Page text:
The Elector himself, Ulrich Von Luftberg, will start off-map. There's no reason the Elector would go to such a dismal place without reason, so he'll turn up a few moves into the game with the bulk of the army - rushing reinforcements to the province and hopefully turning the tide.
Also present will be the ever-irrepressible General Ludwig and the Graf Von Bitzhelm, each commanding a force of their own and (naturally) sized appropriately to reflect their social status.
On a practical level, I wanted a dispersal of forces at the start, but wasn't quite sure how to do it. I ended up totalling the entire army's points value under the old 'Might & Reason' ruleset, and then broke it up as a percentage. I went with:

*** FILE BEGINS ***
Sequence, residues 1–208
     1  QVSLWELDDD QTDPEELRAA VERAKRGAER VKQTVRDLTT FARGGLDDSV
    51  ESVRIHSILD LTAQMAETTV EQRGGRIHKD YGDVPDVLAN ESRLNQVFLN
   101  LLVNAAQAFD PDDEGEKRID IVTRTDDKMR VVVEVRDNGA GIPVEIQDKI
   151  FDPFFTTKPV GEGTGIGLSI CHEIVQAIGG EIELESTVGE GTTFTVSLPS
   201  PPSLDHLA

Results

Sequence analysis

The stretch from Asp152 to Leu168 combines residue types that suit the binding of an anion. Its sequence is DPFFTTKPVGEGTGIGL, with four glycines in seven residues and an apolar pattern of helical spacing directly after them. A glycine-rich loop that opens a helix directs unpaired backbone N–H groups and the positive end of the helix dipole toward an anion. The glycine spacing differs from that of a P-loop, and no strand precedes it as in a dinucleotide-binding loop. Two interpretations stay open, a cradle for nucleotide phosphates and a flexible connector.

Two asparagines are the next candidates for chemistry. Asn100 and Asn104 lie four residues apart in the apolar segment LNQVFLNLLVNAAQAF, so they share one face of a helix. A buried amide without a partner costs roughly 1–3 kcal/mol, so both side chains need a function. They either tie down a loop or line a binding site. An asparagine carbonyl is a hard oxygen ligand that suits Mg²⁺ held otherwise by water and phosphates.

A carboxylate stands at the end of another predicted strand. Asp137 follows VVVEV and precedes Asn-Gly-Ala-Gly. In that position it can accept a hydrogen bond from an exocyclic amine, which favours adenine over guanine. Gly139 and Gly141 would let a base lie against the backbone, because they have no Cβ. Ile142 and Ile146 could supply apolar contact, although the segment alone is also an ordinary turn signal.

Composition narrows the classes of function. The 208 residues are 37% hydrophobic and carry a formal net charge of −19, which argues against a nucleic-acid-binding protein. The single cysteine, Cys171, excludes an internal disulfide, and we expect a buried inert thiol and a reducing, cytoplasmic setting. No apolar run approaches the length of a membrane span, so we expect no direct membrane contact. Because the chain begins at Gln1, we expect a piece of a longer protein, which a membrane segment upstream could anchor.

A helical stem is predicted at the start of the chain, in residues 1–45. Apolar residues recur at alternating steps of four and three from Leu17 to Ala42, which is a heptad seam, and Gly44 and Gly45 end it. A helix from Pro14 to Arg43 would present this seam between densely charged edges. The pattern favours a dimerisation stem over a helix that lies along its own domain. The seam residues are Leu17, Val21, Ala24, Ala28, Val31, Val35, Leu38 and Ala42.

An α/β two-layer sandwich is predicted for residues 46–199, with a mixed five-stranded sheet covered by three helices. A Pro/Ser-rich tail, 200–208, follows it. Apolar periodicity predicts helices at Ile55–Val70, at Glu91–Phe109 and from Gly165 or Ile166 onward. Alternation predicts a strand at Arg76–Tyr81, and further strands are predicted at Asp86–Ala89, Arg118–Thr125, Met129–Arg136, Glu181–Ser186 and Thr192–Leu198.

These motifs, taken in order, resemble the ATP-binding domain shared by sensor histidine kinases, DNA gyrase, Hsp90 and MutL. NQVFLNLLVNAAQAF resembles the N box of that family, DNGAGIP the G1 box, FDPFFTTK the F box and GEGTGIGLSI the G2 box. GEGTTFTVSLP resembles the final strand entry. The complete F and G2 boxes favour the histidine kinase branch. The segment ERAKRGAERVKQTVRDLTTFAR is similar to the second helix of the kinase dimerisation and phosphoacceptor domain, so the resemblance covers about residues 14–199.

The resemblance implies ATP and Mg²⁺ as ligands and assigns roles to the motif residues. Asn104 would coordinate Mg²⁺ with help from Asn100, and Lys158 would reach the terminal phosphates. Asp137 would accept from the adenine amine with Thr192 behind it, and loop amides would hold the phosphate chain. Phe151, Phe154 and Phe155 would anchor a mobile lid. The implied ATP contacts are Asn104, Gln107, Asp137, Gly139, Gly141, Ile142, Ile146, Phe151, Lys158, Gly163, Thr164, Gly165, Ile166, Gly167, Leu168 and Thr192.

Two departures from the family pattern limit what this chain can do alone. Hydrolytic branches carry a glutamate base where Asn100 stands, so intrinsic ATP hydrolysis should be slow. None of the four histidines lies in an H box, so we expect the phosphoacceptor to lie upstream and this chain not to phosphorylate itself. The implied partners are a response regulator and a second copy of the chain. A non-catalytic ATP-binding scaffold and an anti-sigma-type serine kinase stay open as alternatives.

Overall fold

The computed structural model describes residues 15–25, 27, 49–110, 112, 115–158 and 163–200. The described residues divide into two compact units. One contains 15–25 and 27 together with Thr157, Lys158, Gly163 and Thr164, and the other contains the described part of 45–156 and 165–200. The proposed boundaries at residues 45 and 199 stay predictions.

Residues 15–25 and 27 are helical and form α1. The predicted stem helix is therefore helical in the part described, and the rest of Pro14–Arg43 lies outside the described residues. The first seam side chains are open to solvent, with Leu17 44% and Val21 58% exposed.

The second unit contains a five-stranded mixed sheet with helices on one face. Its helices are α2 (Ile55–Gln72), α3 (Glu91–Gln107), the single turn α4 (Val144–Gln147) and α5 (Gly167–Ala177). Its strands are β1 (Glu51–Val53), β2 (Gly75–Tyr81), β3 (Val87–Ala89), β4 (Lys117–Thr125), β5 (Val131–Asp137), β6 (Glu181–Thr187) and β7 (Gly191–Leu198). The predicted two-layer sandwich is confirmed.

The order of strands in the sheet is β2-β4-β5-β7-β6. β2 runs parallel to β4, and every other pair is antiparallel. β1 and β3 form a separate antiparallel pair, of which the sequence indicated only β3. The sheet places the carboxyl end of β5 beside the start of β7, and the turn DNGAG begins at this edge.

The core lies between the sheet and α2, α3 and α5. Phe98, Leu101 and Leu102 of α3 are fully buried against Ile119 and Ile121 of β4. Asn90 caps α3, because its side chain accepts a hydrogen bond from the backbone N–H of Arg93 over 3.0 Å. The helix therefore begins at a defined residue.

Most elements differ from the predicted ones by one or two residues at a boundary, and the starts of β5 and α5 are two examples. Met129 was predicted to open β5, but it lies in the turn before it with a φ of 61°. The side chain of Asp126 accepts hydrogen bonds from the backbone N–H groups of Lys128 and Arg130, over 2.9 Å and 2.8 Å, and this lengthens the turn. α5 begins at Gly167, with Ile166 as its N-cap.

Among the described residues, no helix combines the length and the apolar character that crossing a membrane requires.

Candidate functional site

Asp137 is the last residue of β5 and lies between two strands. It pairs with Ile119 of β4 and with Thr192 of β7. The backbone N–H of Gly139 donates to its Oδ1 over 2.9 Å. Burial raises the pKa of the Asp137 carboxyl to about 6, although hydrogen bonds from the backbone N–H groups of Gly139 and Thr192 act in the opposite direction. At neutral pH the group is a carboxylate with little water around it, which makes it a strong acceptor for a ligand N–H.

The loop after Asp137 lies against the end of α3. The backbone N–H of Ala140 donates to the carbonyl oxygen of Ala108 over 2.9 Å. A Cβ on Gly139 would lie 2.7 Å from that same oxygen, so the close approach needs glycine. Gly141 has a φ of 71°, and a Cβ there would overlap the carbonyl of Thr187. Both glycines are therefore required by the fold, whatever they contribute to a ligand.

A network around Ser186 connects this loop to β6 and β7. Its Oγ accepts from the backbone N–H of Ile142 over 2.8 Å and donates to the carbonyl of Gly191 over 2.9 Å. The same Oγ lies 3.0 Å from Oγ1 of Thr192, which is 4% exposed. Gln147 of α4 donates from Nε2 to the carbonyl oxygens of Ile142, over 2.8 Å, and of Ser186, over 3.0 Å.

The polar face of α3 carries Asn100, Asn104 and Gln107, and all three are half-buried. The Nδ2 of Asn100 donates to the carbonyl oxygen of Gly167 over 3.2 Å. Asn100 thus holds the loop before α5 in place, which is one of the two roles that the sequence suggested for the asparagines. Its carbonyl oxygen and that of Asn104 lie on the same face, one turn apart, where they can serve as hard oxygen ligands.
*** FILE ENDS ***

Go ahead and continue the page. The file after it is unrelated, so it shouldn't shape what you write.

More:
40% Main (reserve) army of reinforcements under Luftberg
25% Provincial (garrison) army under Von Hentsch, at the provincial capital of Brederdam
15% Secondary provincial army under Bitzhelm, at Hertbosch
10% Flank-guarding detachment under Ludwig, at Vriezenveen
I ended up assigning troops into what turned out to be pretty reasonable proportions, with some infantry and cavalry present in most, along with artillery in the big armies. While Ludwig gets a big force such as five infantry, three cavalry and one artillery units, people like Ludwig get a simple pairing of an infantry and cavalry regiment. The smallest units of all, the garrisons, turned out to be a left-over infantry regiment (stuck in the city of Oosterheide) and a hussar regiment (which was turned loose into the countryside as a raiding-group.)
The campaign is poised to be moved on shortly, and the next big encounter seems set to be Von Krumper's attempt to cross a river in the face of Von Hentsch. He's done it once before, but can he manage a contested river crossing against an alert defender, under 'Black Powder' rules? I'm off to ponder the special rules required for such a tricky operation!